Today, we are announcing the start of a clinical trial to see if cheap, existing drugs could be used to prevent cognitive decline and dementia after stroke.
We are working with Alzheimer’s Society to test two existing treatments for heart and circulatory diseases in people who have suffered a type of stroke that occurs in the smallest blood vessels in the brain – lacunar stroke affects around 35,000 people in the UK each year. The first stage results are being presented at the Alzheimer’s Society Annual Conference today.
A lacunar stroke is caused by damage to one of the small vessels deep within the brain that affects the flow of blood. It accounts for around one in four ischaemic strokes, where blood supply to part of the brain is interrupted, and can cause long-term disability. Researchers also believe that small vessel damage (including lacunar stroke) could contribute to at least 40 per cent of dementias, even where the main cause is Alzheimer’s disease.
New treatments urgently needed
There are currently no proven treatments to prevent a lacunar stroke, and existing anti-clotting treatments for stroke including aspirin may even be harmful.
Positive results from stage one of the Lacunar Intervention trial (LACI-1), funded by Alzheimer’s Society have allowed the second stage (LACI-2), funded by us, to be rolled out during Dementia Awareness Week.
LACI-1 found that it was safe for people who have had a lacunar stroke to take the drugs, worked out the best questions to ask participants in the trial, and allowed the research team to develop a useful database for all the trial records.
Repurposing a cheap, available drug
The drugs used in the study are both available for the treatment of other conditions. Cilostazol costs around 63 pence per tablet and is currently used to treat people with peripheral arterial disease. Isosorbide mononitrate costs around 7 pence per tablet and is currently used to treat people with conditions like angina.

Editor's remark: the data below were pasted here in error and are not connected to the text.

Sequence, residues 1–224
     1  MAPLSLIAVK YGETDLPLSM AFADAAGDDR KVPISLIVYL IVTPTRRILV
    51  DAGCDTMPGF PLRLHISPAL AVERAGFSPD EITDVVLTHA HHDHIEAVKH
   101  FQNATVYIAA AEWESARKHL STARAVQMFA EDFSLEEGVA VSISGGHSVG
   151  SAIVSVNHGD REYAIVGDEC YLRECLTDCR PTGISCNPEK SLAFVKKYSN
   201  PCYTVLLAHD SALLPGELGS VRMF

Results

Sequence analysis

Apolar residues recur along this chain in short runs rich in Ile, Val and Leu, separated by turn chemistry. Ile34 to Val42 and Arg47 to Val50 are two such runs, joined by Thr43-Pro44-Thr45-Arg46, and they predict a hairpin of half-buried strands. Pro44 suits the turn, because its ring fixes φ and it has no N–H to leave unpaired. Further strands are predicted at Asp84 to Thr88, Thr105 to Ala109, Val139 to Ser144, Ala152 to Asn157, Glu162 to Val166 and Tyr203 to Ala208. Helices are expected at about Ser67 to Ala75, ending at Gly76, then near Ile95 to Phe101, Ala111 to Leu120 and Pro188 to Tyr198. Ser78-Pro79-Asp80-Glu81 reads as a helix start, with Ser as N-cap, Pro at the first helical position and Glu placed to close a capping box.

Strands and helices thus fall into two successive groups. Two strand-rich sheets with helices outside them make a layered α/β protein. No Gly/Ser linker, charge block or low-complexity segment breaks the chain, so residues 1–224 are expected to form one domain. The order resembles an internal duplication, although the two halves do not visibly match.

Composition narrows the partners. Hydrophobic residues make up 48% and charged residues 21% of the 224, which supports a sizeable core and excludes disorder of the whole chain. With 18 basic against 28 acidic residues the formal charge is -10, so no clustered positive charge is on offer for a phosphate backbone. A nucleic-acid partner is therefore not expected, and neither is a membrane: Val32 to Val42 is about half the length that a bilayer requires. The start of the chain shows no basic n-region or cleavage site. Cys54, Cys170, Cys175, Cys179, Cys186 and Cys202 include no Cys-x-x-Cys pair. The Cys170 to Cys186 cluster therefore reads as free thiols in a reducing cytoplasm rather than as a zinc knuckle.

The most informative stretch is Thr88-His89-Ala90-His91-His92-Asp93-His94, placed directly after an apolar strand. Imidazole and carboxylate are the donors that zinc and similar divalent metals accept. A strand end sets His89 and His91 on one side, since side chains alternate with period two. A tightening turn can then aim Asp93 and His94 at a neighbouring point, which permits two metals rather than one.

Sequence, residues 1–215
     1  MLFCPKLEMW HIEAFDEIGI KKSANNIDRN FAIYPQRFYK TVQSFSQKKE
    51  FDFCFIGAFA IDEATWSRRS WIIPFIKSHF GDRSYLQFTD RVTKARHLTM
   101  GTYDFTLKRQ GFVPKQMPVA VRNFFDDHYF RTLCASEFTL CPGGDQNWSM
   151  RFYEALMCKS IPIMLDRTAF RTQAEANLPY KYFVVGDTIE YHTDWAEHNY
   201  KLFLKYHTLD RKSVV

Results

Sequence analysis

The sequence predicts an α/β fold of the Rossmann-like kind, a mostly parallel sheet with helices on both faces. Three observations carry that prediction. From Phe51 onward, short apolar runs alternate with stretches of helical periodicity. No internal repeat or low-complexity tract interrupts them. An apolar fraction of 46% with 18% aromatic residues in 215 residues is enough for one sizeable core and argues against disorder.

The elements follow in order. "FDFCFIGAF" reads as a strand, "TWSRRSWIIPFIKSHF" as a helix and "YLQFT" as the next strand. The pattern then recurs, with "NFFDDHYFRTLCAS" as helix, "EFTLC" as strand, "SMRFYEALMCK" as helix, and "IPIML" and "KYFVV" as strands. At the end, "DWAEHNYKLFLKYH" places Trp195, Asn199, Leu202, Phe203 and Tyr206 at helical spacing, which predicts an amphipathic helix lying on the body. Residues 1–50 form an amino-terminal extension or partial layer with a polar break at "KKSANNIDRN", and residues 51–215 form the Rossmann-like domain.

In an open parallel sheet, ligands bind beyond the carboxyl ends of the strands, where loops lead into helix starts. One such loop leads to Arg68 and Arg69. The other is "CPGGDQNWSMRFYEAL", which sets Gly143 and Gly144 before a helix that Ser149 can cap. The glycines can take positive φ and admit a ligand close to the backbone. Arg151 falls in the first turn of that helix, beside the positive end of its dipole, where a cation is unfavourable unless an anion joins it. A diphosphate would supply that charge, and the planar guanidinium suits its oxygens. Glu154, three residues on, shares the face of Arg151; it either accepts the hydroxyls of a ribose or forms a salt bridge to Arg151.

Due to this essential groundwork, LACI-2 can now be more quickly rolled out to include 400 people who have had lacunar strokes. Over three years, the team led by Professor Joanna Wardlaw at the University of Edinburgh will establish what effect these drugs have on reducing the risk of more lacunar strokes, and the risk of developing cognitive decline.
In LACI-2 patients will take cilostazol, isosorbide mononitrate or both. The researchers think that these drugs may help reduce the damage to the arteries in the brain that cause the stroke and lead to cognitive decline. They will perform MRI scans on people taking part in the trial to see what effects these drugs have on the small blood vessels within the brain.
Potential to save lives
If successful, this research could lead to new ways to treat lacunar strokes and prevent some cases of dementia.
Professor Joanna Wardlaw, from the University of Edinburgh, who is leading the research, said: “Research into lacunar strokes has often fallen in to the ‘gap’ between stroke research and dementia research so it hasn’t always been easy to find funding. I’m thrilled to see two charities working together to fund our research so that we can bring benefits to people who have had a lacunar stroke, and are at risk of developing cognitive decline, as soon as possible.”
Approximately 38,000 people die from a stroke every year in the UK and the condition is a major cause of disability with over a million UK stroke survivors. The BHF currently funds around £21 million of research into preventing and treating stroke and £4.5 million of dementia research.